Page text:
| Why should I spend any time writing yet another book about this strange old collection? One answer is that the Bible helps us to know who God is, and for many people, perhaps most, that is enough. But there is another reason. The Bible also helps us to heed the counsel of Socrates to “know thyself,” and the wisdom of all the religious traditions teaches that the knowledge of God and the knowledge of ourselves are inseparable. (230)

I am large, I contian multitudes. – Walt Whitman


For those who have wrestled with “The Text” in what it is, what it says, and how it is to be understood, Cox’s contribution is an invaluable one. There are insights, contexts, and perspectives here that are rich and exciting. However, for those who venerate, honor, and love their Bibles with no wrestling–those who read literalistically (what I call, “mechanical”)–I question the value of a book like this one by one simple question, What actually helps move people beyond literalism? On Page 44, Cox writes,

There is little doubt that this breakthrough in archaeology poses some of the most intriguing questions in current biblical scholarship. But appreciating it does require one to move beyond a literalistic view of the Bible to a more mature comprehension. For many people this is not an easy transition to make. But once made, it is immensely rewarding and brings the Bible alive in a new way. (44)

While I concur, what I lament is how to help others make this transition. What are the factors that can influence to the “more mature comprehension?” He offers that the “comparison of translations” is one step towards loosening the grip of literalism. But I can’t help that there’s more to it than that, for literalists identify their favorite translation [the one they feel best represents the original (e.g. the “King James only” crowd)] with the same conviction and emotional rigor as they do to their hermeneutic.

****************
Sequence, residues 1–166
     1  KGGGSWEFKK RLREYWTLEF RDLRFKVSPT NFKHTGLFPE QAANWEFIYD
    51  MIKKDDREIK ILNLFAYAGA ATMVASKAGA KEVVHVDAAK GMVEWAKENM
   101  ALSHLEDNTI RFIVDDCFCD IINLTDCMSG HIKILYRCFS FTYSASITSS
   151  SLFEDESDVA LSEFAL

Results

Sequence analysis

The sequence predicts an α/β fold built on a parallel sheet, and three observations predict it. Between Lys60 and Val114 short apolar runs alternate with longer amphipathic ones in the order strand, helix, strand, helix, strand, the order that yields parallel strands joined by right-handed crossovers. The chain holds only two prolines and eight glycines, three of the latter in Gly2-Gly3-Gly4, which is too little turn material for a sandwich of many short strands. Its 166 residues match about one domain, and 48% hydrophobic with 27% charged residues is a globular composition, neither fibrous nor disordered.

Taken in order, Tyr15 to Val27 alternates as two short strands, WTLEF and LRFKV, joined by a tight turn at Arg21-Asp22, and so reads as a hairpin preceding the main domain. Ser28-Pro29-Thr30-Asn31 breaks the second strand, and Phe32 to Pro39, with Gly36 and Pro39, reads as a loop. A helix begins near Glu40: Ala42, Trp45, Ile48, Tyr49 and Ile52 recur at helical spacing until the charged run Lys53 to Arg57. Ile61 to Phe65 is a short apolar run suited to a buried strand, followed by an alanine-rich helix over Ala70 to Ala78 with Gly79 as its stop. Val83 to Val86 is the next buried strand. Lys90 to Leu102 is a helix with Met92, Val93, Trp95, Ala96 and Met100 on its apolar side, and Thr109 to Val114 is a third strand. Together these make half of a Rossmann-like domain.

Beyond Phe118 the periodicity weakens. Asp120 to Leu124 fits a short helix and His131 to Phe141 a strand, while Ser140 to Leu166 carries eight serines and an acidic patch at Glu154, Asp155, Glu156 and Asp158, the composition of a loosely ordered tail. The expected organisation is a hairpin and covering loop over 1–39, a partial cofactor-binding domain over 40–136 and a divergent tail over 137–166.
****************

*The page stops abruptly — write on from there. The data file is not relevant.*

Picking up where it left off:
I opine that some insight could be drawn into the emotional side of the issue. I would venture to guess that any interview with someone who has emerged from literalism would confess that they did so having waded through a deep sense of uncomfortable disruption in their gut. I have had people tell me that they are emotionally/spiritually distraught at the possibility of reading their Bible in a way that is radically different than the previous years/decades of reading. After all, reading the Bible differently isn’t just a new way into the future. It’s a desecration of the years/decades of past reading.

Just recently, I conversed with a student who is a YEC (young earth creationist), does not accept “macroevolution,” and very much believes in the “rapture.” When I, as a teacher, shared throughout my class that the Bible doesn’t teach those things, there was a visceral sense of uncomfortableness that overtook his demeanor. Perhaps a “disturbance in the force.” This was not some new insight into a text that he loves. This was an assault on his core convictions, and core pillars of his faith, and thus, his identity. He wrote to me at the end of our course, “These things I know you taught against but I choose to believe in them.”

I “choose” to believe in them.

I have yet to dig further into the “Why?” But I include this dialogue here to suggest that literalism, then, is not really a “way” of reading the text. It is not a hermeneutic, which is why it is so destructive to beautiful texts like the Bible. No, literalism is a aspect of identity. To paraphrase Descartes, “I read literally, therefore I am a Christian.” To disrupt one is to disrupt the other.

I believe this helps us understand why so many leave Christianity when they leave their literalism. I believe this helps us understand why moving from literalism is painful, and really difficult for people. I believe this is why literalism will be with us for a long, long time.

Thank you, Professor Cox, for yet again, one of my favorite reads.

About VIA